Whatever happens, Hisao and Emi spend the week after the dinner pretending that it didn’t happen – until Hisao has to address it. The scene can either take place down at the track, or up on the school roof, and… I’m torn on which is better. The track has a lot of significance for the pair, given their training, and the variant has a nice moment where Hisao catches Emi, thanks to all their training – in other words, he can help her, because she helped him. Nonetheless, the roof feels like the more appropriate place for me. I’m probably nostalgic because it’s the first version I got, but it’s also where Emi asked Hisao out, and a scene with a big epiphany, which always feel like they should happen close to the sky.
Hisao finally gets a chance for a one-on-one with Emi. What follows is a masterclass in how to handle conflict in a relationship. Given how these conversations usually go, and how precarious their relationship has become, there’s a sense that the discussion could spell the end of everything. Hisao knows that, but still speaks up. Not for his own sake, but because it’s killing him to watch Emi suffer, and he’s prepared to put his entire relationship on the line on the off-chance he can get through and finally help her. He loves her that much.
What Hisao does would be impressive for any adult. For a boy of eighteen, it is magnificent. He forces himself to remain the bigger person; calm and even-tempered, as Emi becomes completely unfair. He starts by acknowledging and apologising unreservedly for his part in what’s gone wrong, without excuse or qualification. He then states his problem clearly: it’s killing him to see Emi in so much pain. When she suggests that they just break up, Hisao swats it aside; correctly perceiving that neither one of them wants it. Hisao instead offers his own solution: he reiterates that he cares about Emi and accepts that even if she doesn’t want to tell him what’s going on, he will continue to stand by her.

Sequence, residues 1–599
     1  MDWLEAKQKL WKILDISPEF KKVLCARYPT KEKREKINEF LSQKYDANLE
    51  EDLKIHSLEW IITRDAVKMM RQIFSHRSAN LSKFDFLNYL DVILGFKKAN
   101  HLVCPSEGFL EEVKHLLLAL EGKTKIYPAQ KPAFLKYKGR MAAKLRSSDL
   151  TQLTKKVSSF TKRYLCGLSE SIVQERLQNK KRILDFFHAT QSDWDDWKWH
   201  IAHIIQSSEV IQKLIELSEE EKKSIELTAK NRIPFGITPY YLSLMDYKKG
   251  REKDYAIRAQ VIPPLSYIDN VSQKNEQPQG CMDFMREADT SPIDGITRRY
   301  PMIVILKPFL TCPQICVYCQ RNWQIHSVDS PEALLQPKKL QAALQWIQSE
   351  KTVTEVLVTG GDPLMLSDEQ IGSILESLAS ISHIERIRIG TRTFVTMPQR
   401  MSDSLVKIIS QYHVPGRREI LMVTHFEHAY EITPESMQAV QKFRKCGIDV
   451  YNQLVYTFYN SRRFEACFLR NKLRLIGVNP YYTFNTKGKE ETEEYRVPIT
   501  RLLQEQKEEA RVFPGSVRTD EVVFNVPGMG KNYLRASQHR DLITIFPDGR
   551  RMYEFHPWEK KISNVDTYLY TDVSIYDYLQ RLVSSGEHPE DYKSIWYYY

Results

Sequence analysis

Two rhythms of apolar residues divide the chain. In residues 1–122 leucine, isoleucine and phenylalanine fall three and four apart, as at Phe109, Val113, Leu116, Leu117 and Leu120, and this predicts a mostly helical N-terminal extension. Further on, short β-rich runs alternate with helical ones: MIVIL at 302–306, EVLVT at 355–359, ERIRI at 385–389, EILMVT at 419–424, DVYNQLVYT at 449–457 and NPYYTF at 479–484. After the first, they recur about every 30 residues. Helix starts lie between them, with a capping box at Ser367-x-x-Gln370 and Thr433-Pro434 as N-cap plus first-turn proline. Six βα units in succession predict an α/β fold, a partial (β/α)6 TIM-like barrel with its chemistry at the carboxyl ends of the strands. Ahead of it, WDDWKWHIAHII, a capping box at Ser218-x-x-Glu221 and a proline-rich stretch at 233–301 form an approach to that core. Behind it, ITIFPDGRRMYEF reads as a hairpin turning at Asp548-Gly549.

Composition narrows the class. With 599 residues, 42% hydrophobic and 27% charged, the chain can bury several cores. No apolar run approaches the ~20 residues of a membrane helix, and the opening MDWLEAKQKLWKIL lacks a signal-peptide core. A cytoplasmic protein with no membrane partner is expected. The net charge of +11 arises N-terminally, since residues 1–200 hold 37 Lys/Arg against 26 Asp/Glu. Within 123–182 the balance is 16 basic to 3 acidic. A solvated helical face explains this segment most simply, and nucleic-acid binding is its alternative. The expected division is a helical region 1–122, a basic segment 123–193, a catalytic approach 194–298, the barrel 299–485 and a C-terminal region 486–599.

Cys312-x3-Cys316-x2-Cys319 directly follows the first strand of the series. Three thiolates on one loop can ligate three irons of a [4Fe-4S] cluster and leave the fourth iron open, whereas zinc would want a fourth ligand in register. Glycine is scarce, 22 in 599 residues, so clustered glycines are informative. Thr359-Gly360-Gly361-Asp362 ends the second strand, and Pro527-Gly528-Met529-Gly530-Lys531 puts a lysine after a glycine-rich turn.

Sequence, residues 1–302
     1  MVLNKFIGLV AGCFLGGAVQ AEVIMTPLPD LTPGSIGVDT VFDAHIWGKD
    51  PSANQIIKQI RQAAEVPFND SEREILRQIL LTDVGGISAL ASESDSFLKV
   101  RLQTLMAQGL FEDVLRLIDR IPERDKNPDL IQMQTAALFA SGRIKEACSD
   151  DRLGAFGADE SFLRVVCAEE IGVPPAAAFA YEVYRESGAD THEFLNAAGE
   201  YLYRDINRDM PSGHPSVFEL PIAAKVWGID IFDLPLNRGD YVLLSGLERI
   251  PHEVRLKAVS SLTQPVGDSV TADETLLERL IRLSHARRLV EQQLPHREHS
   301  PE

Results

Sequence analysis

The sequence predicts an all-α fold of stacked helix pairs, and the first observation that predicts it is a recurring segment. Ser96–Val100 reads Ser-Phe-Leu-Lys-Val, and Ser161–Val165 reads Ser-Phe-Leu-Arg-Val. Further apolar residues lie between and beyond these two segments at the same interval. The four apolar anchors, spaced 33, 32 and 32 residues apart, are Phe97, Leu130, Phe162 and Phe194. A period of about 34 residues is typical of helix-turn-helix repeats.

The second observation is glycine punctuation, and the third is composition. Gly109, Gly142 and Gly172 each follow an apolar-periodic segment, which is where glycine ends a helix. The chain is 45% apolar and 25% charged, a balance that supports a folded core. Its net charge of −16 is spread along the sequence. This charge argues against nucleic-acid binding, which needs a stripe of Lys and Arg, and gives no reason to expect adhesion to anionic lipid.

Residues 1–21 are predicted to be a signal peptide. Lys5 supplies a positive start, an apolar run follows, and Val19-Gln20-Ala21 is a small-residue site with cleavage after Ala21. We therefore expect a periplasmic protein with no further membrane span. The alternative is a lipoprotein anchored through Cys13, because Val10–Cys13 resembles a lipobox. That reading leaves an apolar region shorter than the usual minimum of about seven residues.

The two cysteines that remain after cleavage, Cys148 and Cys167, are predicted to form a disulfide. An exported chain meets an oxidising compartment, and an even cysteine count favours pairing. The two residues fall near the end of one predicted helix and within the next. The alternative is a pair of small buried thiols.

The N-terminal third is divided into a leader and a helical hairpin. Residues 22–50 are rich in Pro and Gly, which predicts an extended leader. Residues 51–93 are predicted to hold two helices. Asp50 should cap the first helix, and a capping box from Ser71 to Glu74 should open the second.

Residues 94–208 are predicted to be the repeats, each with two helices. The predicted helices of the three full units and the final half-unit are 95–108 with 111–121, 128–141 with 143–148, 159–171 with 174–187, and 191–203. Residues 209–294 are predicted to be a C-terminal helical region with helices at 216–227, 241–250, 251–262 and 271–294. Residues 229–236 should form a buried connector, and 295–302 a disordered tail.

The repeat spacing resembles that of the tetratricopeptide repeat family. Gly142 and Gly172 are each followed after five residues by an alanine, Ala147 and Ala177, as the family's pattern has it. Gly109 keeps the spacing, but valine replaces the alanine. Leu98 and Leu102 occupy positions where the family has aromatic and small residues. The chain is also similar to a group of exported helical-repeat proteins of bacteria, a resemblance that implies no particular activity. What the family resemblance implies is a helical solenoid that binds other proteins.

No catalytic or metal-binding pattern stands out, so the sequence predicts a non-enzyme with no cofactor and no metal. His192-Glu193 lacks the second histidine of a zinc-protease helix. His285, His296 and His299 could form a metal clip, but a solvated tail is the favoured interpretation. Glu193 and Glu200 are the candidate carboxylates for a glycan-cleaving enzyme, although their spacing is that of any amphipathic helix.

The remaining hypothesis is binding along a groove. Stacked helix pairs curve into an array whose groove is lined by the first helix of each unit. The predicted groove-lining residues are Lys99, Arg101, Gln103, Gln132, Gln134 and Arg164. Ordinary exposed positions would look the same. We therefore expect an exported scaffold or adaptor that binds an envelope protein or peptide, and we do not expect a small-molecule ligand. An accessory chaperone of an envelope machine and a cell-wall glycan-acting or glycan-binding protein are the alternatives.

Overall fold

It is a noble and reasonable compromise. Emi must realise that, because she reflexively becomes unreasonable, accusing Hisao of looking down on her, and of knowing nothing about her. They’re unfair accusations that are meant to start an argument so she can push him away. Hisao doesn’t take the bait. He warmly acknowledges that he can’t fathom what Emi has been through, but that to come through as the person she is suggests that she’s incredibly strong, more so even than she thinks. Hisao also says that he doesn’t want to rescue her – he wants to help her, even though he knows she can do it on her own. Emi starts tearing up, and Hisao tells her he loves her. He’s then wrapped in a fierce hug. Emi starts sobbing into his chest and apologises for everything: she’s scared of losing Hisao and loves him but can’t face losing someone again. He holds her quietly; shushing her until she settles down. Eventually, they agree to meet the following day – Emi wants to be able to tell him everything without screwing it up. He says he’ll be waiting.